Terms such as circular economy, zero carbon footprint, and environmental sustainability have entered our vocabulary as citizens, businesses, and institutions in our search for solutions to meet the ambitious and necessary Green Deal targets. But what does it really mean to be part of a circular economy and what role do ceramic containers play in a zero-waste strategy?
Circular economy, a complex concept
Three years have passed since the Green Deal was approved, a set of initiatives by the European Commission for the European Union to be climate neutral by 2050. The initiative aims to introduce new legislation on issues such as biodiversity, agriculture, innovation, and the circular economy. The concept of a circular economy is not as new as one imagines. It was first proposed in 1989 by British environmental economists David W. Pearce and R. Kerry Turner as an economic model that focuses on the use of resources in one or more circular processes, which is in direct contrast to the produce-consume- throw model.
“To achieve climate neutrality by 2050, preserve our natural environment and strengthen our economic competitiveness, a fully circular economy is necessary. Today, our economy remains almost entirely linear, with only 12% of secondary materials and resources re-entering the economy. Many products break too easily, cannot be reused, repaired or recycled, or are made for single use only.”
Frans Timmermans, Executive Vice President responsible for the European Green Deal
Over the years many scientists have expanded or redefined what they understand by a circular economy. The German chemist-environmentalist Michael Braungart and the American architect William McDonough published the book Cradle to Cradle: Remaking the Way We Make Things in 2002, where they stress that it is not so important to reduce consumption but to promote a new concept in industrial production where anything can be reused, whether the product returns to the soil as a biological nutrient or returns to industry as a technical nutrient. When conceiving and designing a product, all life cycle phases must be taken into account, such as manufacturing and usage, but also reuse and recycling. With the Green Deal, circularity has become a norm and will accelerate the ecological transition of our economy.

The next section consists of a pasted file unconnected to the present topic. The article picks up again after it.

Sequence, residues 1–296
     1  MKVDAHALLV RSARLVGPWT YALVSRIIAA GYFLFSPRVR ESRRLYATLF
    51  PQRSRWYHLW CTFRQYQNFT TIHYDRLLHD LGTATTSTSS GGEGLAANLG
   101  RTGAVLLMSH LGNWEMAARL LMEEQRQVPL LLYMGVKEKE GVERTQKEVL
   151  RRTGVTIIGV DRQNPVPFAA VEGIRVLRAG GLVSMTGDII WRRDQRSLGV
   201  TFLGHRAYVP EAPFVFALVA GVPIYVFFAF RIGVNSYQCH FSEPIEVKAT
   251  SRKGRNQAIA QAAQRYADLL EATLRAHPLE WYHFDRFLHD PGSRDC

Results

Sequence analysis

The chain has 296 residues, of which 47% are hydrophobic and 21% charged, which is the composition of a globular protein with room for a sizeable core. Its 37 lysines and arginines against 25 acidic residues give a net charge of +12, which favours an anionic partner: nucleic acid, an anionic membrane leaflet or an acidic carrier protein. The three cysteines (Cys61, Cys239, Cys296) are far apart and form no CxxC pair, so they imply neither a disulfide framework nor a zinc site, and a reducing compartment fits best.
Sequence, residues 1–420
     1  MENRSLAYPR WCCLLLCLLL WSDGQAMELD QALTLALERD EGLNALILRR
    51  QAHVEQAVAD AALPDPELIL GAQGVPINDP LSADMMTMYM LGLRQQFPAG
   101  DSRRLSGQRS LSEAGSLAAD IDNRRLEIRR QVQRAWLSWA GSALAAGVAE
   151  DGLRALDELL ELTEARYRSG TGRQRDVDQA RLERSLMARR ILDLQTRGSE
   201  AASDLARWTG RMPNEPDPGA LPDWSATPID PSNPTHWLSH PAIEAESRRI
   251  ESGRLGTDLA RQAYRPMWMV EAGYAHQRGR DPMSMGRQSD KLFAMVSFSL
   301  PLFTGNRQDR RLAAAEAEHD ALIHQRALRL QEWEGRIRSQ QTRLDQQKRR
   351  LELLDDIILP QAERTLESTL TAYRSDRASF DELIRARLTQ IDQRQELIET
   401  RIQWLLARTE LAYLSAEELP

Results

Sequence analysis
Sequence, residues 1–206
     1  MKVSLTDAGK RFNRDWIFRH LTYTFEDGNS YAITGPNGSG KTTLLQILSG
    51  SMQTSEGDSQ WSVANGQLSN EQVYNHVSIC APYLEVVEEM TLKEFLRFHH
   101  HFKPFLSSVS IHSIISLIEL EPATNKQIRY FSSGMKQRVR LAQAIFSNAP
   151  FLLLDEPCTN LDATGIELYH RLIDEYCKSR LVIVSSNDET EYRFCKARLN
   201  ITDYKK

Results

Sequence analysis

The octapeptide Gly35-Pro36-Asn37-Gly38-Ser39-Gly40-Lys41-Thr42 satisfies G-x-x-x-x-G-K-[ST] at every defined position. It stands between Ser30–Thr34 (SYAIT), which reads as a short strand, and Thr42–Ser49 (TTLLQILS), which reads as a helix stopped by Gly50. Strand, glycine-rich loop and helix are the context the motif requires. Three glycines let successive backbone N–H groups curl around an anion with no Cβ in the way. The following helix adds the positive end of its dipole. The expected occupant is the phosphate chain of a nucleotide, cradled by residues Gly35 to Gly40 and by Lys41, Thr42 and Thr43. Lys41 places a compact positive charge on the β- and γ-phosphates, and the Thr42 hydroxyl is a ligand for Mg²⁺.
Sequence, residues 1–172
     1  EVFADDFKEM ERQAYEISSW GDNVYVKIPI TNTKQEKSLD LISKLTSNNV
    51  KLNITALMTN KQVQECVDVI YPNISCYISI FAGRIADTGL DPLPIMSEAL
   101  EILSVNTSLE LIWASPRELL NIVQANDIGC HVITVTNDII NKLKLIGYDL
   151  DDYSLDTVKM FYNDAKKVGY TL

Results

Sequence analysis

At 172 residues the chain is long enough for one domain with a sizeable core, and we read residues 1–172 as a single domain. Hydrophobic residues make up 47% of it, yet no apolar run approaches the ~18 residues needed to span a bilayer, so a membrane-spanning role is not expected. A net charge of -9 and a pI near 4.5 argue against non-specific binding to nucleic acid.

Zero waste, zero emissions
In our planet´s ecosystems, the concept of garbage does not exist. The circular economy therefore intrinsically carries the notion of zero waste and zero emissions. The urgent need to reduce waste and avoid wasting natural resources is one of the key points of action in achieving the objectives set out in the Green Deal. Packaging plays an important role in this strategy. For that purpose, the European Commission has proposed new standards on packaging for the entire European Union. Packaging is one of the main users of virgin materials and 40% of all plastics used in the European Union are used for packaging. Each EU citizen generates almost 180kg of packaging waste per year. If we don't act now, according to a study, packaging waste will increase by 19% by 2030.
The possibility of reusing packaging is one of the key points in avoiding the generation of waste and reintroducing raw materials into the circular economy.
The new European Union proposal on packaging and packaging waste regulation (PPWR) will above all take into account the possibility of its reusability and the need to promote recycling circuits. A draft proposal for these new standards was published on November 30, 2022, and is currently under review by the European Parliament and the European Council. The final text of the new regulation is expected to be released by the end of this year. At Cermer, we support and follow very closely any new developments, and we actively participate in positioning ceramics as an alternative packaging that meets the requirements of this future regulation.
Ceramics, an ally for the circular economy
Our ceramic containers contribute to zero waste objectives due to their great potential to be reused and recycled and their inert nature which does not pose any chemical or biological threat to natural sources like water and soil, nor to other living beings or plants. And what better ally than the consumers themselves when it comes to avoiding the generation of waste? Consumers are the best ambassadors for ceramic containers. 95% of users choose to reuse them as kitchen and tableware after their initial use as packaging.
Our dishes, jars and ramekins are conceived, designed and manufactured to be used as table and kitchenware and serve for packaging purposes only during a reduced part of their long-life span.
Ceramic containers account for only 0.013% of all packaging waste generated in the European Union. Considering this extremely low percentage and being mono-material packaging, it is common sense that the recycling of ceramic containers should be integrated into already existing closed circuits such as the collection of ceramic construction waste. The synergies with the construction sector are also already a reality, considering the boom in the use of ceramics in so-called bioconstruction.
At Cermer, we are committed to leaving future generations a world full of diverse resources and are proud to offer our customers a sustainable and environmentally friendly product.